The Organisation for Economic Co-operation and Development (OECD) has revised its growth forecast for India in fiscal 2025 to 6.2%, a marginal increase from the previous estimate of 6.1% in November.
Strong investment growth is expected to drive economic expansion in the country over the next two years, OECD said in its interim report, titled ‘Strenghtening the Foundations of Growth’.
“The emerging-market economies have generally continued to grow at a solid pace, despite tighter financial conditions, reflecting the benefits of improved macroeconomic policy frameworks, strong investment in infrastructure in many countries, including India, and steady employment gains,” OECD said in the report.
Business surveys point to stronger activity developments in services than in manufacturing, with industrial production stagnating outside of China in recent months, and divergent cross-country developments, the report said.
“Across countries, there continues to be clear signs of strong near-term momentum in India, relative weakness in Europe, and mild near-term growth in most other major economies,” it added.
The Indian finance ministry sees the economy expanding at 7% in FY25, marking the fourth consecutive post-pandemic year with growth at or exceeding 7%.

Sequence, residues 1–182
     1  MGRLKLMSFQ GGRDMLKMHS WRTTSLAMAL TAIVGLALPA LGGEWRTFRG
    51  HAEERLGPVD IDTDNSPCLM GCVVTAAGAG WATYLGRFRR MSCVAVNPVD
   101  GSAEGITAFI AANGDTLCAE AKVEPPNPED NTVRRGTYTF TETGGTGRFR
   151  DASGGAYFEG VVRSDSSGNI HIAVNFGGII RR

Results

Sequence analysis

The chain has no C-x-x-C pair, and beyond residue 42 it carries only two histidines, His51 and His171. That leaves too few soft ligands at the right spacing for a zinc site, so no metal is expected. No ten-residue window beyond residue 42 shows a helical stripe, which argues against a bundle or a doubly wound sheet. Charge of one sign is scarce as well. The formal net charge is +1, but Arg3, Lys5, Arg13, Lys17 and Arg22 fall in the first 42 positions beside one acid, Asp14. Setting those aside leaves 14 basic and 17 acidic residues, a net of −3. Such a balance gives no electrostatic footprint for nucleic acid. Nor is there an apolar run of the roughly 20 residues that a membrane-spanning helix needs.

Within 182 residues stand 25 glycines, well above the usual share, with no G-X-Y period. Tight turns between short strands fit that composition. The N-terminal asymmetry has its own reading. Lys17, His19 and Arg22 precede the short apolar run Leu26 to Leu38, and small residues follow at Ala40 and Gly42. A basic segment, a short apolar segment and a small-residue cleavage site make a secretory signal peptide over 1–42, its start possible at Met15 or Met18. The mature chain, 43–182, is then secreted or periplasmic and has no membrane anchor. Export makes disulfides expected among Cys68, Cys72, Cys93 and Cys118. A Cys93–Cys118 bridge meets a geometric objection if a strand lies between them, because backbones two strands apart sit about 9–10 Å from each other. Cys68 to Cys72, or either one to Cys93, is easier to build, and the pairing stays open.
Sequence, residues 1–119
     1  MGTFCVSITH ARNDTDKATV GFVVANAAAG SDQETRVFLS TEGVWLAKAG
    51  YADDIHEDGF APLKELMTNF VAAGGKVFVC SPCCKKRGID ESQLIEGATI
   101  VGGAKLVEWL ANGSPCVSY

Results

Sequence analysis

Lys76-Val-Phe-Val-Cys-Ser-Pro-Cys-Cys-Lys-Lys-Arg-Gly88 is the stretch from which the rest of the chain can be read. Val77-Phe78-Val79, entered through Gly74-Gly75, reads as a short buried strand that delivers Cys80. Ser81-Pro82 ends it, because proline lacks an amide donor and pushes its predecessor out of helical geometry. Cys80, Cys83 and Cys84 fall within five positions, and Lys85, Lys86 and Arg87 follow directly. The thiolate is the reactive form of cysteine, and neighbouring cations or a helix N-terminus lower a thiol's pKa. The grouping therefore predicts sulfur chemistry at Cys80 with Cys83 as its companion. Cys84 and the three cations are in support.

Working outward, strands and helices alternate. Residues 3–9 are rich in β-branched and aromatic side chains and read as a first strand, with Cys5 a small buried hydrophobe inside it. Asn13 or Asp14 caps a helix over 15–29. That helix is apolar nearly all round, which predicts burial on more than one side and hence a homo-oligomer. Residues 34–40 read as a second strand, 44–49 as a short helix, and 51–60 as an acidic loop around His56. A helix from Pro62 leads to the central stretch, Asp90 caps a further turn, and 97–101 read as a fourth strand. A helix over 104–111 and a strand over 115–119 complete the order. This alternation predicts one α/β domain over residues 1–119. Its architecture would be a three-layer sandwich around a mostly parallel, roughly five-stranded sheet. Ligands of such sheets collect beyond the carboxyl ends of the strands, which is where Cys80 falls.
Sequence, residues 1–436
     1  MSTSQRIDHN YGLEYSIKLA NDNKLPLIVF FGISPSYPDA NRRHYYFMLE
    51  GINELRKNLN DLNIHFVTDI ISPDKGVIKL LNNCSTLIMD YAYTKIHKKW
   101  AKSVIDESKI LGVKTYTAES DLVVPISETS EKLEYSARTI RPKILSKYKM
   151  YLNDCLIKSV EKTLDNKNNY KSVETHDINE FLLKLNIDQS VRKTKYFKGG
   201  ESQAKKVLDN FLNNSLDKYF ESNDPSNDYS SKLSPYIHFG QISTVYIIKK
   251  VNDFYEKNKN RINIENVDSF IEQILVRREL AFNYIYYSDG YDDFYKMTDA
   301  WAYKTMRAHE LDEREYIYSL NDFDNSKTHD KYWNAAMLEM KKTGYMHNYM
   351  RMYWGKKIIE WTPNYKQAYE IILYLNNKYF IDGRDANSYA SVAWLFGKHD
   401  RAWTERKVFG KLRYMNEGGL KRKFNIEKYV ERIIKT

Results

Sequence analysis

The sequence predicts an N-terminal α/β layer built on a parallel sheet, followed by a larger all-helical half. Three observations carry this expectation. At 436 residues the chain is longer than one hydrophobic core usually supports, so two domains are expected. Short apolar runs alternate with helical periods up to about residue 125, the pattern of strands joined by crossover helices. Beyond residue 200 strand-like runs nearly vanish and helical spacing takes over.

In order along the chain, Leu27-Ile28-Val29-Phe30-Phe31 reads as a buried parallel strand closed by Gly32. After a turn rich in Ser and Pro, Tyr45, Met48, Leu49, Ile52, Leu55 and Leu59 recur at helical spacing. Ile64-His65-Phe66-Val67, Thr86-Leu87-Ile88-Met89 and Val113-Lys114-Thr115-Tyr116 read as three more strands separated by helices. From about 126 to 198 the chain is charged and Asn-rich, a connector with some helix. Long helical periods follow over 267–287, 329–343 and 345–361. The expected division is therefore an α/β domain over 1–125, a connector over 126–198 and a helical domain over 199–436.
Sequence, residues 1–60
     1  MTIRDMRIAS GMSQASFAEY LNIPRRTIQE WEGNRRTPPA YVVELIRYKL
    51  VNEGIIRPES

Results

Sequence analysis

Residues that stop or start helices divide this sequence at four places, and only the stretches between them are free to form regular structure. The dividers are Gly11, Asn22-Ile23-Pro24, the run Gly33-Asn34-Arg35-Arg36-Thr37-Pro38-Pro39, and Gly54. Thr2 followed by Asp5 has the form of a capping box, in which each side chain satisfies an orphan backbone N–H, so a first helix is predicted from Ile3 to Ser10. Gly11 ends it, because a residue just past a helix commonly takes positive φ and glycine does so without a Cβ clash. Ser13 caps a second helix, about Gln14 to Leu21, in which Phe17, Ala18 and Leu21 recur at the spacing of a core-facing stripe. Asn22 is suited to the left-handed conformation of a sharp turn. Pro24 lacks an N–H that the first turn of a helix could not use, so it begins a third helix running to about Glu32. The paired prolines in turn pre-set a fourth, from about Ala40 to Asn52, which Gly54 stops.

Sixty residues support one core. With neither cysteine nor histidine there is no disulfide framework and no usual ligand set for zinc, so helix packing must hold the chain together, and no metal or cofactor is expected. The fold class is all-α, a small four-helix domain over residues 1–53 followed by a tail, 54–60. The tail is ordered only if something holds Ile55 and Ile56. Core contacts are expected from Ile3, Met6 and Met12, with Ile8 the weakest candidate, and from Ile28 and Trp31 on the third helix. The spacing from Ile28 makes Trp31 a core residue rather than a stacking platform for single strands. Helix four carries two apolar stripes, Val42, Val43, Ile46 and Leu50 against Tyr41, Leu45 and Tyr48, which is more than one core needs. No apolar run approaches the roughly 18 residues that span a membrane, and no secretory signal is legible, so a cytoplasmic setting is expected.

Meanwhile, on inflation, OECD said price rise in emerging-market economies will remain generally higher than in advanced economies while easing gradually through 2024-25.
“Tighter monetary policy and energy and food price cycles have also been the key drivers of inflation in many of these economies. In Brazil, India, Indonesia, Mexico and South Africa, inflation is projected to continue easing and converge on or towards central bank targets by the end of 2025,” the Paris-based OECD said.
Easier global financial conditions and the anticipated onset of policy rate reductions in the advanced economies enhance monetary policy space in emerging-market economies by providing more flexibility to implement policy rate reductions, OECD said.
In countries such as India, Indonesia, Mexico and South Africa, policy easing has yet to get underway, with inflation remaining contained but yet to decline substantially. There is scope for some gradual policy easing over the next two years in most of these economies provided disinflation continues, OECD said.
“The pace of policy rate reductions should remain cautious to ensure that inflation expectations remain well anchored and avoid a rapid narrowing of interest rate differentials with advanced economies that could increase the risk of capital outflows or currency depreciation,” it said.
The OECD projected global GDP growth to further slow down to 2.9% in 2024 from 3.1% last year. A recovery to 3% growth is likely in 2025 as financial conditions ease, OECD added.
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